In 1992, Jack Horner discovered a typical Anasazisaurus, which turned out to be a Critosaurus ( Kritosaurus navajovius ). Hunt and Lucas discovered that the K. navajovius holotype was undiagnostic in 1993, and this taxon was designated as nomen dubium. As a result, they established a new genus and species, Anasazisaurus horneri. The taxonomic status of A. horneri is unknown. Some consider it a junior synonym for Kritosaurus navajovius, while others consider it a significant species.
Learn more facts about Anasazisaurus.
1: Anasazisaurus quick facts:
Name: Anasazisaurus (Greek for “Anasazi Lizard”); pronounced An-ah-sah-ze-sore-us
When it lived: Late Cretaceous, 74 million years ago
Type of dinosaur: Ornithopod
Habitat: Terrestrial habitats.
Length/Weight: 7.5 meter/2500kg
Distinguishing Characteristics: It had a nasal crest that extended past the nose area.
Named by: Hunt & Lucas (1993)
2: How do you pronounce ‘Anasazisaurus’?
The name Anasazisaurus should be pronounced “An-ah-sah-ze-sore-us.”
3: What does the name Anasazisaurus mean?
American palaeontologists Adrian Hunt and Spencer G. Lucas named Anasazisaurus in 1993. Anasazisaurus derives its name from the Anasazi, a defunct title for the Ancestral Pueblo Native Americans, and the Greek word sauros (“lizard”). The Ancestral Puebloans were renowned for their cliff-dwellings, such as those in Chaco Canyon, close to the fossilised remains of Anasazisaurus.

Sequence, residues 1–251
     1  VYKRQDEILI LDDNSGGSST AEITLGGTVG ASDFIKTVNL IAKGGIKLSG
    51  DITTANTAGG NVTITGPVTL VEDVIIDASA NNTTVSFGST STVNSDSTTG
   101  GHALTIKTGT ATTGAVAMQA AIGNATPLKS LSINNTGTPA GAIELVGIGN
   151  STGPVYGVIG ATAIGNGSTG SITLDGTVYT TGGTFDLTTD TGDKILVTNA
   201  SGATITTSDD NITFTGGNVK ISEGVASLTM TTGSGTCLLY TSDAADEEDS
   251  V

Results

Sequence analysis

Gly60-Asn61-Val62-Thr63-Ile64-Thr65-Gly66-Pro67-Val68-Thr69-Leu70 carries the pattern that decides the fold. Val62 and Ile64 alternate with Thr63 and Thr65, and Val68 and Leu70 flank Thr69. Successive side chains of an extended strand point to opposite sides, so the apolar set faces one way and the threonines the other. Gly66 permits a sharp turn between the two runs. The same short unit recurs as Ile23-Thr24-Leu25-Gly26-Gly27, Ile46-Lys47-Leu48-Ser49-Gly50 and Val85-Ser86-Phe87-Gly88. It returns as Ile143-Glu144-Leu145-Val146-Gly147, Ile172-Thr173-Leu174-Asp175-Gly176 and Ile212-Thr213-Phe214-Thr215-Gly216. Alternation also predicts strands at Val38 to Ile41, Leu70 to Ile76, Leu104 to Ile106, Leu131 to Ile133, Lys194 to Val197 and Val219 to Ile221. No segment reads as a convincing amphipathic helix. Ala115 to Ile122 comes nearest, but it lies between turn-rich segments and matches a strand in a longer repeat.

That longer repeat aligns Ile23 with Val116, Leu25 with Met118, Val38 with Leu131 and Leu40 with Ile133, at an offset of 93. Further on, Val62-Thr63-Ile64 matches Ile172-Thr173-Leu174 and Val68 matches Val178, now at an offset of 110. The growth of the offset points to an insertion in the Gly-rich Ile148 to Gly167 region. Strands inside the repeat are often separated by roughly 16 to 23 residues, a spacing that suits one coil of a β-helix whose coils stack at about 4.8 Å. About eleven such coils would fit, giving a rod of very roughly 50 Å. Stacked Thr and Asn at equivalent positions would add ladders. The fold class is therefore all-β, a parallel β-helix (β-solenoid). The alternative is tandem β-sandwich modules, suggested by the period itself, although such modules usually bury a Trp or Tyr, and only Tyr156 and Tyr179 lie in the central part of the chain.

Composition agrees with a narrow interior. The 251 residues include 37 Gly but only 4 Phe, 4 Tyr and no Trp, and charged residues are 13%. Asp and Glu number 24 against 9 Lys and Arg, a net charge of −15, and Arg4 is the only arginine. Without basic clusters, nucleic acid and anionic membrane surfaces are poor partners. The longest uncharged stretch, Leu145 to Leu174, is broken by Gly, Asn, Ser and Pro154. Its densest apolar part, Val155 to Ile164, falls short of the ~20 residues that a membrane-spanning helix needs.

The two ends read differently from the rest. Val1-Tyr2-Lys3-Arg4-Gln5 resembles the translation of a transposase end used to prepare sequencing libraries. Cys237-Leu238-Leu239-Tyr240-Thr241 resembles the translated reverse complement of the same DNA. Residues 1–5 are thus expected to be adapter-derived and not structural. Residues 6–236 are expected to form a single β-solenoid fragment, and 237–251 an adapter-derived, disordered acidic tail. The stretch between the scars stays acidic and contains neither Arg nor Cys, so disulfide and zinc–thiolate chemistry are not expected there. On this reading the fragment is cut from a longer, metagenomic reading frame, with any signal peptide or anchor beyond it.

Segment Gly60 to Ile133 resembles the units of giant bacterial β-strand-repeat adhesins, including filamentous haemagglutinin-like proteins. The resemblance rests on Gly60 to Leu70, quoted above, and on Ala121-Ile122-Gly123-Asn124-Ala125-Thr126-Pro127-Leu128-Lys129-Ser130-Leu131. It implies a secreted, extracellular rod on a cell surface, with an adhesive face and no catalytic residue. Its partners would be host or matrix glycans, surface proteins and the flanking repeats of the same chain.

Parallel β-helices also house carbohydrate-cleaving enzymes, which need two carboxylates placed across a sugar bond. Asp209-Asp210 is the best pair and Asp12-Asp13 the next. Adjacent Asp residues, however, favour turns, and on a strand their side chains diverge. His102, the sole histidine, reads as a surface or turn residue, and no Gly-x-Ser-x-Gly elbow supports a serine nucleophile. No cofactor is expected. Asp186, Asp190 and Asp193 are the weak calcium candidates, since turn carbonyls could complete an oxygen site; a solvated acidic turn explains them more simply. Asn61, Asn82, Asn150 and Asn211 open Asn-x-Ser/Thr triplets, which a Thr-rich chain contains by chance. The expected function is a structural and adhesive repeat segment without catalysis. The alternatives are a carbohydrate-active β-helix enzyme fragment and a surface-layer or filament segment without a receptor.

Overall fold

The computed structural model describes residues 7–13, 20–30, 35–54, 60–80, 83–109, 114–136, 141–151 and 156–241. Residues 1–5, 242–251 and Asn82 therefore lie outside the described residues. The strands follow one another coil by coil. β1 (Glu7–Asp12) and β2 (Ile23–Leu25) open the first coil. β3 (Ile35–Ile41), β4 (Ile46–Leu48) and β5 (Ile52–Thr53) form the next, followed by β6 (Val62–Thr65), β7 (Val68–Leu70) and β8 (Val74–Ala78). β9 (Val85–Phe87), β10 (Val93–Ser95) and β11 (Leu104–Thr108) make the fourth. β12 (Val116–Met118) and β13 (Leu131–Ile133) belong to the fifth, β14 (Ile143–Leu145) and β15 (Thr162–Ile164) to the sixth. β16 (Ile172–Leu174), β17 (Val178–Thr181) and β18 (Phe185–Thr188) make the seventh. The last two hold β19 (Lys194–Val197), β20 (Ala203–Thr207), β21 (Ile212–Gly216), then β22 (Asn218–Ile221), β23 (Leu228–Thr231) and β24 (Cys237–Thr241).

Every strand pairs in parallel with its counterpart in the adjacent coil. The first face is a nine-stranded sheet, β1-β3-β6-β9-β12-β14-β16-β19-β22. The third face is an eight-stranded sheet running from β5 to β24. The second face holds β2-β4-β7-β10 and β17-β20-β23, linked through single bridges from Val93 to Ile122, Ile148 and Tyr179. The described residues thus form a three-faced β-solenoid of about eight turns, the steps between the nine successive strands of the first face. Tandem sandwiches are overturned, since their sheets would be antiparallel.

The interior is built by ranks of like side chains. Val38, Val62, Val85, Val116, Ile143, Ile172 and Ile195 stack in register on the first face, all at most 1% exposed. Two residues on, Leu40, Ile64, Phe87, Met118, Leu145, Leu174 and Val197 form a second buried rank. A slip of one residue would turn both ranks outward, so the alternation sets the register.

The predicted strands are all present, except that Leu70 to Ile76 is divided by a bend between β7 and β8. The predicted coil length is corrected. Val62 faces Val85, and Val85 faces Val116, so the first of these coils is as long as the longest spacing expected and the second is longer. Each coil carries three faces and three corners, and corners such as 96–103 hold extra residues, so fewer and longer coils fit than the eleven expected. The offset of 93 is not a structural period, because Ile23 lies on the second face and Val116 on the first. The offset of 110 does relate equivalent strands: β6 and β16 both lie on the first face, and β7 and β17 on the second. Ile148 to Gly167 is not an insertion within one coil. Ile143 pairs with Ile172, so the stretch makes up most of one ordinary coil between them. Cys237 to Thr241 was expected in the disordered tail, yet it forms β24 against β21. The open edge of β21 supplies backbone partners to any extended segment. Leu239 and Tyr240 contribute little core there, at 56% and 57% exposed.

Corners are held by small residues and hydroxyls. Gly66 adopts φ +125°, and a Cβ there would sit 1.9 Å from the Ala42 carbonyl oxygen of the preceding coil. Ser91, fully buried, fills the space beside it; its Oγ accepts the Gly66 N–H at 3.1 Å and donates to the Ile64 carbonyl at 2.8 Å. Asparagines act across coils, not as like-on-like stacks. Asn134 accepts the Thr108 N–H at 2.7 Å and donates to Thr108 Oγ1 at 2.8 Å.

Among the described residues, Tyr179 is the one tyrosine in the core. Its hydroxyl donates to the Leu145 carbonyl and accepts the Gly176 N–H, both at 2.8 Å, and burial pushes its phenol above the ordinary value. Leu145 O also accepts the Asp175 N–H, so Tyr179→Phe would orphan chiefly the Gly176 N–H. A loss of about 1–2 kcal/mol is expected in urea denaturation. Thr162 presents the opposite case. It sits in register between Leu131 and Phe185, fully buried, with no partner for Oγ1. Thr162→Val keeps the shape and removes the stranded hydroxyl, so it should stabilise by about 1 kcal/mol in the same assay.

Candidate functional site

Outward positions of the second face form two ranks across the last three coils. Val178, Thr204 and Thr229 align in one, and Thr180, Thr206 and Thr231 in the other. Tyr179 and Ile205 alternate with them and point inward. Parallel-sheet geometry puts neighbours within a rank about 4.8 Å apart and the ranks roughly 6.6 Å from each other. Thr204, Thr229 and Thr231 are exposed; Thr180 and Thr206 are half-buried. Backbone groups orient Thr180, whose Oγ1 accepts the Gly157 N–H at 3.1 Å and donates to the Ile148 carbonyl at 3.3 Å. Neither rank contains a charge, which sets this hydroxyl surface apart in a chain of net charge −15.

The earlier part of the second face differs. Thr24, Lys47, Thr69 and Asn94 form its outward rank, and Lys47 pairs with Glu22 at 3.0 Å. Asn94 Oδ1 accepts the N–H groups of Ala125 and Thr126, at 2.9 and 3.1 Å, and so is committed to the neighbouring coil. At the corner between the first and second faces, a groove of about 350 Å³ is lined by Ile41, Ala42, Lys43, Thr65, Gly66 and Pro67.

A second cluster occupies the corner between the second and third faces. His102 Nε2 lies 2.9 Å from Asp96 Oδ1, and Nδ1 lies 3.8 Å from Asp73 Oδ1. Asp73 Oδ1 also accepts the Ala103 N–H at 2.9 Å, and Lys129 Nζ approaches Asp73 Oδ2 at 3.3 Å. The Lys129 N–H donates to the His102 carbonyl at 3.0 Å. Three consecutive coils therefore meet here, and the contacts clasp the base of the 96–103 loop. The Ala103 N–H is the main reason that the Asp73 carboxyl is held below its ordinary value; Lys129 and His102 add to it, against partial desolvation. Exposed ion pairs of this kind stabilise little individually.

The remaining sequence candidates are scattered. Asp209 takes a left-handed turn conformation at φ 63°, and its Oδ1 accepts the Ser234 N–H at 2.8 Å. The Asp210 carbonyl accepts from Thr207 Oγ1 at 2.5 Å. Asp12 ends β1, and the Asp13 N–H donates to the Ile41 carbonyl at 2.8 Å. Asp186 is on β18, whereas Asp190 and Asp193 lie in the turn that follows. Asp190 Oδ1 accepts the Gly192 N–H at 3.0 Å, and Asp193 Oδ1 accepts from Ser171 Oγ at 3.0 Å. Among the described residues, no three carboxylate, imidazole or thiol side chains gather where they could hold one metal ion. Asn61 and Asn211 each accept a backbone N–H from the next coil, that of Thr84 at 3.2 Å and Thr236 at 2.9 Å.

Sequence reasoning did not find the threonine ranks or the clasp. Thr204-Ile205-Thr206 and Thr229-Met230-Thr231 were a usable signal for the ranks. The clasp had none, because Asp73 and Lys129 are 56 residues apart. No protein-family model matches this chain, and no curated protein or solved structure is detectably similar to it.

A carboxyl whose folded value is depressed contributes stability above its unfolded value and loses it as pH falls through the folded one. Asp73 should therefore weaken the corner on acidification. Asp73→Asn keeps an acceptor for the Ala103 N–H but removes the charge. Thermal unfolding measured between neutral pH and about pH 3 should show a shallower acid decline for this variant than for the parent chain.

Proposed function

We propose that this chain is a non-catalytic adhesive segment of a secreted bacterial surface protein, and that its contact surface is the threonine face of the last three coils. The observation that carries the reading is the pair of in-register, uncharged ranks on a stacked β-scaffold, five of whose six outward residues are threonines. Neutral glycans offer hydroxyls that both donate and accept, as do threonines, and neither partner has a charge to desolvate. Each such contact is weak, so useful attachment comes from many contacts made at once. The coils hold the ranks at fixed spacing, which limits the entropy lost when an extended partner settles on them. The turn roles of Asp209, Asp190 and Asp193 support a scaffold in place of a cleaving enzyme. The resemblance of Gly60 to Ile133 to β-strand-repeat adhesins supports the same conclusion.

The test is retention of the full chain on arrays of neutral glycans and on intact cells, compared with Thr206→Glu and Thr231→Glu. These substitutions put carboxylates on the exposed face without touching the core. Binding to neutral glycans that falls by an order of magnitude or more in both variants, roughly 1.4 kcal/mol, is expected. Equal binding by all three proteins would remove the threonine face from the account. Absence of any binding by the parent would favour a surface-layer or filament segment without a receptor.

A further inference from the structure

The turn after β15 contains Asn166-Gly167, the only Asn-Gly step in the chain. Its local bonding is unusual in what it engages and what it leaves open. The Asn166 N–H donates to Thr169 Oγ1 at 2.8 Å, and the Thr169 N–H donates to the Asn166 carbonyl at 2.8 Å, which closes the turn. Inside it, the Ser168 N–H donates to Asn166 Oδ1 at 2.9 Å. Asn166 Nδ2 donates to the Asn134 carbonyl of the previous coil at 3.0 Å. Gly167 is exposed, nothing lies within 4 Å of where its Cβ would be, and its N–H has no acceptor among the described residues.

The term “Anasazi” originates from the Navajo language: anaasáz (“enemy ancestors”). There is one known species (A. horneri), which was named after the prominent palaeontologist Jack Horner, who initially described the skull in 1992.
4: What Did Anasazisaurus Look Like?
Anasazisaurus remains were not dissected, completely described, or illustrated until 2006. The tiny crest above the eyes generated by the nasal bone is a distinguishing feature of the anasazizaura. Lucas and colleagues classified Anasazisaurus horneri and Kritosaurus navajovius as distinct taxa in a 2006 research.
Prieto-Márquez regarded Anasazisaurus to be a synonym of Kritosaurus, but kept them separate on the species level, resulting in Kritosaurus horneri. Sullivan and Lucas determined in 2015 that Anasazisaurus should be retained as a significant genus. As a result, the question of whether both types are distinct or synonymous remains unresolved.
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